The ancient Minoans revered the sea, and that makes perfect sense. After all, they lived on an island just south of Greece. Granted, it's a fairly large one as islands go: about 260 km (160 miles) long and 60 km (37 miles) wide. Still, the weather on Crete has always been mediated by the sea. And the Minoans plied their trade, becoming the wealthiest merchants of their time, by sailing large ships around the Mediterranean and even out the Straits of Gibraltar, up the Atlantic coast of Europe.

We've come to call the Minoan sea goddess Posidaeja, the feminine name that's the probable precursor to the god-name Poseidon. The island of Crete rises up out of the water, born from the sea if you will. Its weather and all the life on the island are directly influenced by the Mediterranean that surrounds it. You can tell how important the sea was to the Minoans from its presence in their art and their sacred spaces; seashells abound on Minoan altars and shrine shelves.

UPDATE: Some of us have also begun addressing the Minoan sea goddess as Thalassa, a name the Greeks connected with the primal spirit of the sea. Considering that life on Earth began in the oceans, it makes sense for the sea to be at the base of it all.

The merchants made their living on the sea and throughout the many centuries of Minoan civilization, the people relied on the sea as a source of food. But I think the Minoans also appreciated the beauty of the marine world, with its varied and fascinating plant and animal inhabitants. For instance, as far as we know they didn't eat dolphins, but there are a lot of dolphins in Minoan art, and not just the famous fresco at the top of this page. Here's a lovely stirrup jar with a leaping dolphin on it (all images are from Wikimedia Commons):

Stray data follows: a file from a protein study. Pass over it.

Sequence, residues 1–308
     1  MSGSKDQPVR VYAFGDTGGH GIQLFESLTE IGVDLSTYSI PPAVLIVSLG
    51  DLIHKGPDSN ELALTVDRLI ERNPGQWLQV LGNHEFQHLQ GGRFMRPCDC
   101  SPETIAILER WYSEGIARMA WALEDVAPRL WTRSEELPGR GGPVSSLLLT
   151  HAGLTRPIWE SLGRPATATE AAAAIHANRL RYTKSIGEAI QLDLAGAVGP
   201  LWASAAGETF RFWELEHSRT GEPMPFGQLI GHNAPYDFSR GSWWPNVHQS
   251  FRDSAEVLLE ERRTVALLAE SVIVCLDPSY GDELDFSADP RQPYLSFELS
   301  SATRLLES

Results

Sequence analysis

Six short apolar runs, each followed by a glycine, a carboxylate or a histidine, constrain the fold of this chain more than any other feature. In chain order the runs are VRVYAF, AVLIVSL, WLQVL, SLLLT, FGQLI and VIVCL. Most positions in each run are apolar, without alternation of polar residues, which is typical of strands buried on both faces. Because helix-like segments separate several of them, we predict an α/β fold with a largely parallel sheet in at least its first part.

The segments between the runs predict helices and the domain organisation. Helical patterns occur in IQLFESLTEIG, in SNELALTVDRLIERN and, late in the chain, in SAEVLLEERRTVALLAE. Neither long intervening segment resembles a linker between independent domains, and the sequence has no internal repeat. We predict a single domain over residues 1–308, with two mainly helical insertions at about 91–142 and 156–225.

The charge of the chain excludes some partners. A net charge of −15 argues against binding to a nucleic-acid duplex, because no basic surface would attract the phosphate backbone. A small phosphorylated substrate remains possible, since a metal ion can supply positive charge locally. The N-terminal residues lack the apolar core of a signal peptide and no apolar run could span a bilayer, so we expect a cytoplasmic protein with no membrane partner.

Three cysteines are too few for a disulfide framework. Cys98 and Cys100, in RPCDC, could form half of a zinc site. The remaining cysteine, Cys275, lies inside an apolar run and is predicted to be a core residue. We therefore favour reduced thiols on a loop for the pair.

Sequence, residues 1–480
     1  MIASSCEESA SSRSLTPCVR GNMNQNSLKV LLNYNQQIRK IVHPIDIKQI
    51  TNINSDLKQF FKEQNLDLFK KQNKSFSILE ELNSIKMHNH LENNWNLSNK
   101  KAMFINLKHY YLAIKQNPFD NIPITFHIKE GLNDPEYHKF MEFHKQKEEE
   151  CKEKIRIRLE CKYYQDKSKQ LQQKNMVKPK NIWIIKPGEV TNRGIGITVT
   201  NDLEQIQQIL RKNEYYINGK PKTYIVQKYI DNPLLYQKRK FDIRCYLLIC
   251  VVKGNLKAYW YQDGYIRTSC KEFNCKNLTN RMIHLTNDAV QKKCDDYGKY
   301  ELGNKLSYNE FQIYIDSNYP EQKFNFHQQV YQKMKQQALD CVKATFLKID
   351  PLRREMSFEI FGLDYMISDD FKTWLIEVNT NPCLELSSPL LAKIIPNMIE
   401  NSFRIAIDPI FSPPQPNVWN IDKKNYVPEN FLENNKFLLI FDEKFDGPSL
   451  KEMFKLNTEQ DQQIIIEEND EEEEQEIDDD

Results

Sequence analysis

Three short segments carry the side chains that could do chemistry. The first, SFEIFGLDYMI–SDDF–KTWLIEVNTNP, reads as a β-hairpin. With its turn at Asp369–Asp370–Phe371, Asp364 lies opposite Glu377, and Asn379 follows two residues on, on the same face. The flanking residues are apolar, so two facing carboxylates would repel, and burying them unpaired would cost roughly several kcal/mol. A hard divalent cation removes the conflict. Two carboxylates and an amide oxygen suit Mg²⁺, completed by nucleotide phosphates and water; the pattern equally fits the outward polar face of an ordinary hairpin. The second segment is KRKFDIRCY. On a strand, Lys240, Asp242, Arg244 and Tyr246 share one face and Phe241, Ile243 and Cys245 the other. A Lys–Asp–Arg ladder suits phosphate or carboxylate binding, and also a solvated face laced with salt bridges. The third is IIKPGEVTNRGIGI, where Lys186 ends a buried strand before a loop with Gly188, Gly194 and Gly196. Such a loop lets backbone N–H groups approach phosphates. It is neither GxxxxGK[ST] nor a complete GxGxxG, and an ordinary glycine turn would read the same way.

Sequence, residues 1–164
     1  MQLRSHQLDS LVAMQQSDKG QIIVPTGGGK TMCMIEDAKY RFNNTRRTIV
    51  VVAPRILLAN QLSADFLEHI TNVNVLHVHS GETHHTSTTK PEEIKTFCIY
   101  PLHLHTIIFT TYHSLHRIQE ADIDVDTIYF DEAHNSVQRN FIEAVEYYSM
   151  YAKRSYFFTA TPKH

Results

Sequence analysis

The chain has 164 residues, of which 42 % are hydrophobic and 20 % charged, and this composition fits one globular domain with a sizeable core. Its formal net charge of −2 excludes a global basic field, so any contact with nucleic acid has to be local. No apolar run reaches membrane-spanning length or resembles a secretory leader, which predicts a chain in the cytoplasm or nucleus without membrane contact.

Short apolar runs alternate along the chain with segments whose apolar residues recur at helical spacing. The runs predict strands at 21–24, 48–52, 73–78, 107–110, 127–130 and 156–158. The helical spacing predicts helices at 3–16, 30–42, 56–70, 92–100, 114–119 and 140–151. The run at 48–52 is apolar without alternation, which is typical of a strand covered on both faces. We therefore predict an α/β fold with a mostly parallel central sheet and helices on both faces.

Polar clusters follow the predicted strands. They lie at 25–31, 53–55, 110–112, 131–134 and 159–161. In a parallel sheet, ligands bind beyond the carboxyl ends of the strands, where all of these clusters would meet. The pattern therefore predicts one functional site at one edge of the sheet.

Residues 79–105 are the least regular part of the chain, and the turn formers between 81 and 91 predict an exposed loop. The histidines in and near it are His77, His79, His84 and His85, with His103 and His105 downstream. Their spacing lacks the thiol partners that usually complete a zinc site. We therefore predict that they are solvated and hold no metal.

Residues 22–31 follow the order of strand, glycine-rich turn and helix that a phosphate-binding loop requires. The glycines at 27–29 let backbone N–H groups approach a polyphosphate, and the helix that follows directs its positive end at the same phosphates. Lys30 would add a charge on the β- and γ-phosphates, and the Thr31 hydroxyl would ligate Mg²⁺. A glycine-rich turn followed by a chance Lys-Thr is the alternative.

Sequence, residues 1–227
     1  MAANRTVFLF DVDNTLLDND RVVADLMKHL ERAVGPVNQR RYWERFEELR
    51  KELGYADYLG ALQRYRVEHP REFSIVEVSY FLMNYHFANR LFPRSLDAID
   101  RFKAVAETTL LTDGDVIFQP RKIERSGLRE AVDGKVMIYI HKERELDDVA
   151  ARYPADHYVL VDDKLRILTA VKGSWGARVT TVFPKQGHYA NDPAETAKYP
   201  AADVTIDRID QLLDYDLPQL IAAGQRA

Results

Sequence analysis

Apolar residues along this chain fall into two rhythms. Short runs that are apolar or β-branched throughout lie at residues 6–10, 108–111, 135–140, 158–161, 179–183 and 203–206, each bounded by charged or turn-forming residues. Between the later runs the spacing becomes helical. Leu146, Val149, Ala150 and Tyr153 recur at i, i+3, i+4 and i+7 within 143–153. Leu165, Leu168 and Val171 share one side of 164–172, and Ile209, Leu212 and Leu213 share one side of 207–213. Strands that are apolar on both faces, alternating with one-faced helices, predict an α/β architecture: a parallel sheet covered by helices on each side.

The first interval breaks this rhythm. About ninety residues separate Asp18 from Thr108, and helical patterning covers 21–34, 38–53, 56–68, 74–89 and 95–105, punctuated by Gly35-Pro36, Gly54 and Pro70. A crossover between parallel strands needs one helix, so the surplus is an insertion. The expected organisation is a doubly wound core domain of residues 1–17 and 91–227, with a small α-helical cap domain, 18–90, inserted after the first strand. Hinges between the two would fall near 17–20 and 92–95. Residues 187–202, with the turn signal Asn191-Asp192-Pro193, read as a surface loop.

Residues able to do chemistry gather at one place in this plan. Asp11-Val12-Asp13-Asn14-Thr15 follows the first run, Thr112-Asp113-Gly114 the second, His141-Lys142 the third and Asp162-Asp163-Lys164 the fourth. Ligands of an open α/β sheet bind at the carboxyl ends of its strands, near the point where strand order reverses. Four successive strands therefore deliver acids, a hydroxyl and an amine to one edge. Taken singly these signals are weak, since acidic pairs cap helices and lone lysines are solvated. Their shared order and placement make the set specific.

Minoan pottery stirrup jar from Crete 1400-1200 BCE

 

And dolphins leaping around boats in the harbor of Akrotiri on the island of Thera (the island's modern-day name is Santorini):

 

Akrotiri fresco of boat and dolphins in harbor

 

Now, the Minoans did eat octopus, but they also appreciated the beauty of this fascinating creature, with its undulating legs and body.  Here's a big-eyed octopus on a larnax (a box-shaped sarcophagus) from ancient Crete:

 

Minoan larnax with octopus

 

And another one, this time on a vase (though personally, I think it looks more like a squid than an octopus, but it does have octopus eyes):

 

Minoan vase with octopus

 

The Minoans also created whole seascapes of marine life. The waters around Crete are fairly clear, so even someone in a boat would have been able to view some of what lived beneath the waves. And I'm sure people swam in the ocean as well, possibly to dive for shellfish and other tasty morsels, and they would have gotten an even better view. Here's a lively seascape on a pottery jug:

 

Minoan wine jug with marine life

 

Those funny-looking shapes at the top of the jug, the ones with the honeycomb-looking stuff inside them, tell us that this is an underwater scene, possibly at or near one of the sea caves that ring the island - that's how the Minoan artists depicted coral. Here's another lovely one:

 

Minoan pottery jug with marine life

 

Those interesting creatures with the tentacles flowing out from them are conchs, large molluscs that live in beautiful spiraling shells. The Minoans made a type of horn out of conch shells, as many island peoples have throughout time, and probably used them for their deeply reverberating sound in ritual. They prized conch shells so much that they even made fake ones out of pottery and stone. Here's a man-made one:

 

Minoan pottery conch shell

 

Throughout the centuries of their civilization, the Minoans revered the sea, but the number of representations of marine creatures in Minoan art drastically increased after the fall of the big temple complexes in the 15th century BCE. Before that time, except for the disastrous eruption of Thera in about 1625 BCE, Minoan society was pretty stable and secure. Stable enough, in fact, that the wealthy people could display their status by refusing to eat 'lowly' seafood and bringing only the meat from the island's extensive livestock herds to their tables - we know this based on the bones and other refuse found around Minoan living areas. But when the temple culture collapsed (or was destroyed, since all the major temple complexes were systematically looted and burned at about the same time), the Minoans probably had to turn back to the sea for survival. And Grandmother Ocean always provides: fish, flying fish (yes, they ate them), octopus, squid, and more.

In the name of the Bee -

And of the Butterfly -

And of the Breeze - Amen!